NEW YORK –Time Warner execs made some serious cash last year, according to the company’s latest proxy statement, even as the conglom anticipated hefty charges on the film side due to new accounting rules as well as a significant writedown at its struggling Columbia House online music retailer.
Chairman-CEO Gerald Levin pulled in a base salary of $1 million plus a $9 million bonus in 1999. The base was unchanged from the year before, while the bonus was bumped up from $7.8 million. Levin’s compensation package also included 437,500 stock options (down from 1.4 million in 1998) worth about $10.4 million.
As of Dec. 31, Levin’s tenure at the entertainment conglom had sent his way accumulated exercisable stock options valued at a whopping $353 million. Another $25 million in options will vest once Time Warner cements its planned merger with America Online. That deal is expected to close this fall.
During 1999, Levin exercised options on 70,000 shares, realizing $3.1 million.
Vice chairman Ted Turner had a nice year too. His base salary was also unchanged at $700,000, with the bonus ratcheted up to $6.9 million from $6 million. His 375,000 option grant was down from 600,000 the year before. At the end of 1999, he held exercisable options worth $148 million.
As for other top execs, Time Warner prexy Richard Parsons’ base salary rose to $750,000 from $600,000 and his bonus jumped to $4.75 million from $3.3 million.
Richard Bressler, Time Warner exec VP, earned $600,000, up from $450,000, and his bonus moved to $2 million from $1.5 million.
$400 mil charge
The proxy, filed with the SEC Thursday along with the company’s annual report, said Time Warner expects to record a non-cash charge of $400 million-$425 million to reduce the carrying value of its film inventory. That’s if certain film industry accounting changes are adopted, as expected, starting in January 2001.
The new rules say that advertising costs for theatrical and TV product must be expensed as incurred, instead of over time. Also, development costs for abandoned projects and certain indirect overhead costs would have to be charged directly to expense instead of being capitalized to film costs.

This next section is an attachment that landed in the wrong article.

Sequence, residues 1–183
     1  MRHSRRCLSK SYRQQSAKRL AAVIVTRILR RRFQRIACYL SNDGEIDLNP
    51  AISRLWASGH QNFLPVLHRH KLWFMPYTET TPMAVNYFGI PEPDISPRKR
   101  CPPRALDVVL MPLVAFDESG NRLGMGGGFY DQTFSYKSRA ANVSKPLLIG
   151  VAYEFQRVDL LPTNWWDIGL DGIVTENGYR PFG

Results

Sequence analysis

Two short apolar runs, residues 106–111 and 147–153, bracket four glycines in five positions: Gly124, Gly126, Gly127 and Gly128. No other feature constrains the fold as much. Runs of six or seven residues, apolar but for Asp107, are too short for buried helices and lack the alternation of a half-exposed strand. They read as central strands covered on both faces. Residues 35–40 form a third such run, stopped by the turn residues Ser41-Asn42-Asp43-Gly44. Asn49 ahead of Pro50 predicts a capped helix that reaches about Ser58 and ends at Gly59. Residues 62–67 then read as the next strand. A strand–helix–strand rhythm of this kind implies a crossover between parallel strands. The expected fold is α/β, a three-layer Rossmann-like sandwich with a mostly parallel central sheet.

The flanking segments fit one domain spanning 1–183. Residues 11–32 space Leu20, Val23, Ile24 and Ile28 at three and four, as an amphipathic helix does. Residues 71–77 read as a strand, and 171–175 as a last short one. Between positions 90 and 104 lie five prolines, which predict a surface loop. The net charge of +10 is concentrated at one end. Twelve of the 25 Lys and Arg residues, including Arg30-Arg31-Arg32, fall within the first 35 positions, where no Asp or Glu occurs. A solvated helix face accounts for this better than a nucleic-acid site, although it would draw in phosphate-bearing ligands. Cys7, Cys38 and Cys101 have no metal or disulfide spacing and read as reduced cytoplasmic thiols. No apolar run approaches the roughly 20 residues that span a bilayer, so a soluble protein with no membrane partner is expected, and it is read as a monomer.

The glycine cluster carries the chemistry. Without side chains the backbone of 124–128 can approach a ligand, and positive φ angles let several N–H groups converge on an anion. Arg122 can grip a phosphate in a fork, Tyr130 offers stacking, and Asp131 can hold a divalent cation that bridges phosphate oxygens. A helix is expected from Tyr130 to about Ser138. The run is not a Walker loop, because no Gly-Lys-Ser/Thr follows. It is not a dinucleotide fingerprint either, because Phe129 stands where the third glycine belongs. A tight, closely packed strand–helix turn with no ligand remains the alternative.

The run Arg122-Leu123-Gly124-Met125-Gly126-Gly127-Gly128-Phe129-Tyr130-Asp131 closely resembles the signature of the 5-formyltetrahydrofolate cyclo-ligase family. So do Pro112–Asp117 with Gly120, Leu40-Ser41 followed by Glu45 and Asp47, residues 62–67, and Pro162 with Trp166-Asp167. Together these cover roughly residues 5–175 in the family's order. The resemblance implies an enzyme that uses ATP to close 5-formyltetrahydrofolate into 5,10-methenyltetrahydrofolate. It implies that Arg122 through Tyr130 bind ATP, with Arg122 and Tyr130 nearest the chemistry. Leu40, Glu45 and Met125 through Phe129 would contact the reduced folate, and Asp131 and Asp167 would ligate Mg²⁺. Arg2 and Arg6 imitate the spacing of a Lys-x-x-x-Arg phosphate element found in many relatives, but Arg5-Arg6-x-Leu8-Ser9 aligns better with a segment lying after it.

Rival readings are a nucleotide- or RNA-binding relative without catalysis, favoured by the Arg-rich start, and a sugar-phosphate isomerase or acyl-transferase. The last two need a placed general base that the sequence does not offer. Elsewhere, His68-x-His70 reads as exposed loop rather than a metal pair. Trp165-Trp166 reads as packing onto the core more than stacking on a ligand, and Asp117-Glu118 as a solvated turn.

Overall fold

Another set of accounting changes in the works would alter the way the filmed entertainment industry classifies revenues, particularly relating to distribution arrangements for third-party and co-financed joint venture projects. Time Warner said it expects that both annual costs and revenues in film will be reduced by an equal amount in the $1.5 billion-$2 billion range.
Other filmed entertainment companies are likely to record similar charges.
Meanwhile, there’s a small soft spot in Time Warner’s music universe and it’s called Columbia House. The financially challenged company, half owned by Sony Corp., isn’t a particularly big part of Time Warner’s biz, but has become a rather big headache as plans to merge it with publicly traded CDNow were scrapped earlier this month.
Col House writedown
Time Warners’ annual report warned that it will have to take an unspecified but “significant” charge to write down the carrying value of its stake in Columbia House, an online retailer of CDs, audiocassettes and videos.
The charge will likely stem from various alternatives now being considered for the company, including online initiatives or joint ventures. But there may not be many alternatives around and some analysts predict an outright sale of the unit at a bargain basement price.
As for the bigger picture in music, Warner Music’s much-applauded combination with the U.K.’s EMI Group is expected to close by the end of the year.
Time Warner filings also noted that if its Road Runner unit doesn’t sell shares to the public by the end of next year, partners Microsoft and Compaq Computer may sell back their 10% stakes in the high-speed Internet provider.
Time Warner shares fell $7.44 to close at $90.63 as weakness in tech stocks pulled AOL lower. Time Warner has been trading in lockstep with AOL ever since the two giants announced their merger plans in January.